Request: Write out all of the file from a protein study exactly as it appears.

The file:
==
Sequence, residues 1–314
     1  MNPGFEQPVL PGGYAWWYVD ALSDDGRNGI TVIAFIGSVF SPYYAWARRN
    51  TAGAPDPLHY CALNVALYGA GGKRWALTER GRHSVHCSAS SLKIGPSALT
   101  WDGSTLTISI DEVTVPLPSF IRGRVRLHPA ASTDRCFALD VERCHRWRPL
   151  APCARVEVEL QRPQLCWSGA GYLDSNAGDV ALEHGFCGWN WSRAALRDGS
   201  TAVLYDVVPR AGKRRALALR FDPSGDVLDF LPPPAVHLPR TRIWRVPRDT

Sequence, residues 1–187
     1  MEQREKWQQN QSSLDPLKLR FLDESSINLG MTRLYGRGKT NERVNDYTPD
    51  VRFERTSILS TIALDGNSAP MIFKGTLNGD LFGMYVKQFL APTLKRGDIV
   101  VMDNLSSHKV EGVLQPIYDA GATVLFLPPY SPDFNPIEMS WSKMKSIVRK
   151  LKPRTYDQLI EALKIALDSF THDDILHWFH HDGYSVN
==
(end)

Sequence, residues 1–314
     1  MNPGFEQPVL PGGYAWWYVD ALSDDGRNGI TVIAFIGSVF SPYYAWARRN
    51  TAGAPDPLHY CALNVALYGA GGKRWALTER GRHSVHCSAS SLKIGPSALT
   101  WDGSTLTISI DEVTVPLPSF IRGRVRLHPA ASTDRCFALD VERCHRWRPL
   151  APCARVEVEL QRPQLCWSGA GYLDSNAGDV ALEHGFCGWN WSRAALRDGS
   201  TAVLYDVVPR AGKRRALALR FDPSGDVLDF LPPPAVHLPR TRIWRVPRDT

Sequence, residues 1–187
     1  MEQREKWQQN QSSLDPLKLR FLDESSINLG MTRLYGRGKT NERVNDYTPD
    51  VRFERTSILS TIALDGNSAP MIFKGTLNGD LFGMYVKQFL APTLKRGDIV
   101  VMDNLSSHKV EGVLQPIYDA GATVLFLPPY SPDFNPIEMS WSKMKSIVRK
   151  LKPRTYDQLI EALKIALDSF THDDILHWFH HDGYSVN